On the Inside
By now it will come as no surprise to see that the interior is no less of a tour-de-force than the exterior. Despite the Series I having a spartan interior befitting a 1949 utility vehicle, there is much to enjoy and appreciate in here.
The three-abreast “spade-back” seats are trimmed in the correct, hard wearing green vinyl. The detachable seat squabs can be removed to reveal storage lockers and access to PTO controls. The central instrument binnacle houses the Jaeger gauge set. A useful auxiliary, Jaeger gauge is set into the bulkhead proving information on oil pressure and water temperature.
The other controls consist of the Bakelite and steel, three-spoke steering wheel, the charmingly dog-legged gear lever and the red-topped range selector lever. The pre-1950 Land Rovers featured permanent four-wheel drive negating the need for a yellow-topped four-wheel drive selector.
The front cabin is enclosed under a canvas hood which can easily be removed as required. Removed in concert with the folding windscreen and removeable door tops and this is a vehicle that can be completely opened to the elements quickly and effortlessly.
The rear cabin features twin folding passenger benches with removeable cushions. A spare wheel is mounted to the cabin bulkhead, but fittings are present to allow bonnet mounting as an alternative if required. The rear cabin is accessed via a bottom hinging tail gate.
To keep the costs of developing the new Land Rover as manageable as possible, the early vehicles relied on extensive raids on the Rover P3 saloon’s parts bin. The engine and gearbox were both kindly donated by the P3 in this example.
The 1,595cc four-cylinder petrol unit produced a modest, by today’s standards, 50hp but a healthy 80 Ib-ft or torque which is more significant for the conditions in which the Land Rover would often encounter. The observant will notice that this example is fitted with an Iso-Speedic engine governor. This is the ideal accompaniment to the PTO accessories as it allows the user to vary and set the engine revolutions via a hand control to suit the task undertaken by either the winch or the pulley drive.
The engine bay and underside of the Land Rover present beautifully and have clearly benefitted from the same forensic level of attention and restoration as the rest of the vehicle. The tyres are new and, of course, in the correct factory specification size and profile.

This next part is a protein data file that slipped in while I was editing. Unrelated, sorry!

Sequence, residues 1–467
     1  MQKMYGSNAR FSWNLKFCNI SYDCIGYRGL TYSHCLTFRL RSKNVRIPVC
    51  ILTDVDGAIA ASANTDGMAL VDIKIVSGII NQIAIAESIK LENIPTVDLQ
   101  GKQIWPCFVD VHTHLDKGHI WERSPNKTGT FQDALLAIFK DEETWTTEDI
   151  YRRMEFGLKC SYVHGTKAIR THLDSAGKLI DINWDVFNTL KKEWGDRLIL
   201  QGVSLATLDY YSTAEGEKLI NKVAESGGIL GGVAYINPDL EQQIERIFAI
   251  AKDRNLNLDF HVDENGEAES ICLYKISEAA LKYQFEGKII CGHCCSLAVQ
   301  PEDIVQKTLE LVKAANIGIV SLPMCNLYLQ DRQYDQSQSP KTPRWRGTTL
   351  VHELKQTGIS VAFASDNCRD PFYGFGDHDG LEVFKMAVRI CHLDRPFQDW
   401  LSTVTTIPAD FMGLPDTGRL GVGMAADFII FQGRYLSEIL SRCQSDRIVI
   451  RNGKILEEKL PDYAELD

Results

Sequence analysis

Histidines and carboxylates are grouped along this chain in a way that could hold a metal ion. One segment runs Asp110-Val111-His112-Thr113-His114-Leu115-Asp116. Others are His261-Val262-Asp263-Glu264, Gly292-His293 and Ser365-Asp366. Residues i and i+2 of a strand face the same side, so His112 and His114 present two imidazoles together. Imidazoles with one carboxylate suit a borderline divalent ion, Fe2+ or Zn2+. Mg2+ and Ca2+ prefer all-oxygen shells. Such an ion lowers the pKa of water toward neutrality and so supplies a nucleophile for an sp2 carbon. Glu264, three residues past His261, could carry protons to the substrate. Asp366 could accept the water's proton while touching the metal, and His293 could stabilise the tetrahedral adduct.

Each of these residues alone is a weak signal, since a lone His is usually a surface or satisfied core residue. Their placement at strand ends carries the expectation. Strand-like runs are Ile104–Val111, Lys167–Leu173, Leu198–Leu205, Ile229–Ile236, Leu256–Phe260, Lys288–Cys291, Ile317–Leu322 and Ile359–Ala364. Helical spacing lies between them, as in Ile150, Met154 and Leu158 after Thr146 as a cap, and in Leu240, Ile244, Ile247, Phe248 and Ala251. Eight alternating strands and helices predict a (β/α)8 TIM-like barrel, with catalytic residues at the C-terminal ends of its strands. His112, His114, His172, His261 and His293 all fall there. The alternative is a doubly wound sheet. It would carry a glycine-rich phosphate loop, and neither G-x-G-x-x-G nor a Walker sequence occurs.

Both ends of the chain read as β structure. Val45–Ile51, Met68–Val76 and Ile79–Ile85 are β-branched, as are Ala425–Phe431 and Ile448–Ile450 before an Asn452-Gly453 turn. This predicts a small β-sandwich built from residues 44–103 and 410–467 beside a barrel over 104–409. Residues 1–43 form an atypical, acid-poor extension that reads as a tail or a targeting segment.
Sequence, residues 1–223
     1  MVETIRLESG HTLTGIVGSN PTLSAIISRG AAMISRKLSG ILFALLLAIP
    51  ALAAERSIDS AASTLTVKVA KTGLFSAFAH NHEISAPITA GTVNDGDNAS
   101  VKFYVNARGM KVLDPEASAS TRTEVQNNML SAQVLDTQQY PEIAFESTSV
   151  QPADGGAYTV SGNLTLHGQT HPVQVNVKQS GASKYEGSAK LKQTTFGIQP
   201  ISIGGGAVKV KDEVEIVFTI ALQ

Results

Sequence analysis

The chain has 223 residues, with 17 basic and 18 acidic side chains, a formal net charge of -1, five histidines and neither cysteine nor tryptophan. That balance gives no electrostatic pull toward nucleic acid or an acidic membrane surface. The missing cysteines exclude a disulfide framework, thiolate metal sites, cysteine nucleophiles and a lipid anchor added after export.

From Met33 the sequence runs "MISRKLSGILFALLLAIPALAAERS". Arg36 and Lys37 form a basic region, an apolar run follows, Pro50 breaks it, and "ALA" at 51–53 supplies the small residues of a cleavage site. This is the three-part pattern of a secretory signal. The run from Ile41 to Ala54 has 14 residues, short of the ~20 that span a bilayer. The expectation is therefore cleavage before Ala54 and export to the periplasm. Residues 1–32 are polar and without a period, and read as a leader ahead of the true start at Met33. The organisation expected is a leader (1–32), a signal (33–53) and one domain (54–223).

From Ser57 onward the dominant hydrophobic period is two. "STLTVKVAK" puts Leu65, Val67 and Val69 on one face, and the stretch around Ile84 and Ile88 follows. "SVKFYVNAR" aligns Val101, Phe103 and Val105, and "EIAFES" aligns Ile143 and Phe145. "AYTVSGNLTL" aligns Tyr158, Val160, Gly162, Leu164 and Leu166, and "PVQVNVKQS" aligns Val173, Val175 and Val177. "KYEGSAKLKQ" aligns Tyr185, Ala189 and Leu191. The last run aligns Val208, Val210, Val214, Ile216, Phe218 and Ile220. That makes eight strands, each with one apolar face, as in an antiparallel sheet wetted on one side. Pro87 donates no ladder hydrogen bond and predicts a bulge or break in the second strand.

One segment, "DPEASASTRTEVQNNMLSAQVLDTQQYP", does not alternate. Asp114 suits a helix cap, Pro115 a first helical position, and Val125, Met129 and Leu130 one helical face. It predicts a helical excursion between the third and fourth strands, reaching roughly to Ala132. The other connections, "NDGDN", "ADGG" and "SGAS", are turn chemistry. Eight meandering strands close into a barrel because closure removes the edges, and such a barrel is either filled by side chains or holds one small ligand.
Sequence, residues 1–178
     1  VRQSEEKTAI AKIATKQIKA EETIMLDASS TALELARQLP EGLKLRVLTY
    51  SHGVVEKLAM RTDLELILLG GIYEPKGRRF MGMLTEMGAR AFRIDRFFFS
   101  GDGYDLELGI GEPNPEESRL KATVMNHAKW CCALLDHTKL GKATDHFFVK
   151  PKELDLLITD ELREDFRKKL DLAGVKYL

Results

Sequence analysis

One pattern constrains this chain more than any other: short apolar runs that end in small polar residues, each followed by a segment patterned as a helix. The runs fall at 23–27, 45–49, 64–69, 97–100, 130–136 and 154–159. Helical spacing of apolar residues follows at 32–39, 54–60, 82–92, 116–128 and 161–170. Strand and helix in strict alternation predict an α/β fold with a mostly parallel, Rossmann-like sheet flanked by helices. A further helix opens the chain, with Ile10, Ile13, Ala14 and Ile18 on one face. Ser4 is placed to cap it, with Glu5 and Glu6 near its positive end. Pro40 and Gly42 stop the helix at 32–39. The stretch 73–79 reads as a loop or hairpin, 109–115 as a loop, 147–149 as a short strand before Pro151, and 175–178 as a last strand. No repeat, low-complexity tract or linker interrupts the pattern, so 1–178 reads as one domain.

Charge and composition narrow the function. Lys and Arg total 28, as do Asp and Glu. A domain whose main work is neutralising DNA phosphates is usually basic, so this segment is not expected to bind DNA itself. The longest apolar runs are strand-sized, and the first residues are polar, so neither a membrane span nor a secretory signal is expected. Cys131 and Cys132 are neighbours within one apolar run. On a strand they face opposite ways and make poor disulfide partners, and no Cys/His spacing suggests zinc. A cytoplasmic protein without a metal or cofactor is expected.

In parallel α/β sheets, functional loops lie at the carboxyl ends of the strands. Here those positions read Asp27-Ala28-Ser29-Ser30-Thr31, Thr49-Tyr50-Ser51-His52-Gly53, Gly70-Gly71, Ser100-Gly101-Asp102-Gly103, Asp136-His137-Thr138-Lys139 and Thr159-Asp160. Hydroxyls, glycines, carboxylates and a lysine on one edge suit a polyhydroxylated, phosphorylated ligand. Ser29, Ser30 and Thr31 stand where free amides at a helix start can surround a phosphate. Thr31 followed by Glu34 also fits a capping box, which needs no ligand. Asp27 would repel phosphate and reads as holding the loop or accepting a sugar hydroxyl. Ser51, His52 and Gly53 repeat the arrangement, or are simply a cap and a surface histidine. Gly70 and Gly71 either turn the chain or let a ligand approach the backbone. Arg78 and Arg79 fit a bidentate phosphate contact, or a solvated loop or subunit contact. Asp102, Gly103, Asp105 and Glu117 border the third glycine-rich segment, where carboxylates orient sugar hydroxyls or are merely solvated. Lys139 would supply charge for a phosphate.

This Land Rover comes with a significant depth and breadth of provenance providing paperwork extending to at least six box files. Many of these are invoices and parts manifests from various specialist suppliers that span the period of the renovation. Others have been heavily notated by Alan and help give a fascinating insight into his diligence and methodology.
Original Land Rover operating manuals are present as well as SU carburettor manuals and copious useful parts and workshop manuals.
The current V5 is on hand and the Series I is registered as an historic vehicle and hence is understood to be MOT and VED exempt.
What We Think
It has been tempting, at times, to refer to this 1949 Land Rover Series I as “factory-fresh” but that would be to damn this vehicle with faint praise to be frank. This Series I should be considered better than that.
After all, and in fairness to the post-war Land Rover workforce, Alan had the opportunity to take his time on creating this “once-in-a-blue-moon” example. With a live Army order to fill, perhaps including this example, the pressure would have been on at the Solihull factory to get vehicles shipped and to revive the stretched post-war cash flow. We are confident that if they could see this example today, the men and women of the Solihull factory would be filled with admiration and respect for Alan’s work.
The other important area in which this Land Rover far exceeds factory specification is in the number and quality of accessories fitted. The factory record tells us this vehicle left Solihull in “basic” specification. Today, however, this Series I is far from basic. The winch and pulley drive, the rear bench seats, the auxiliary gauges, engine govenor and trafficators are all correct for the period and help to really lift this example above many others.
Anyone who knows Land Rovers will appreciate the magnitude of the opportunity on offer here and our hope is that a new owner will help fulfil Alan and Jackie’s wish and proudly show this sublime example for their own enjoyment and the enjoyment of others.
We estimate the value of this car to be between £25,000 - £30,000.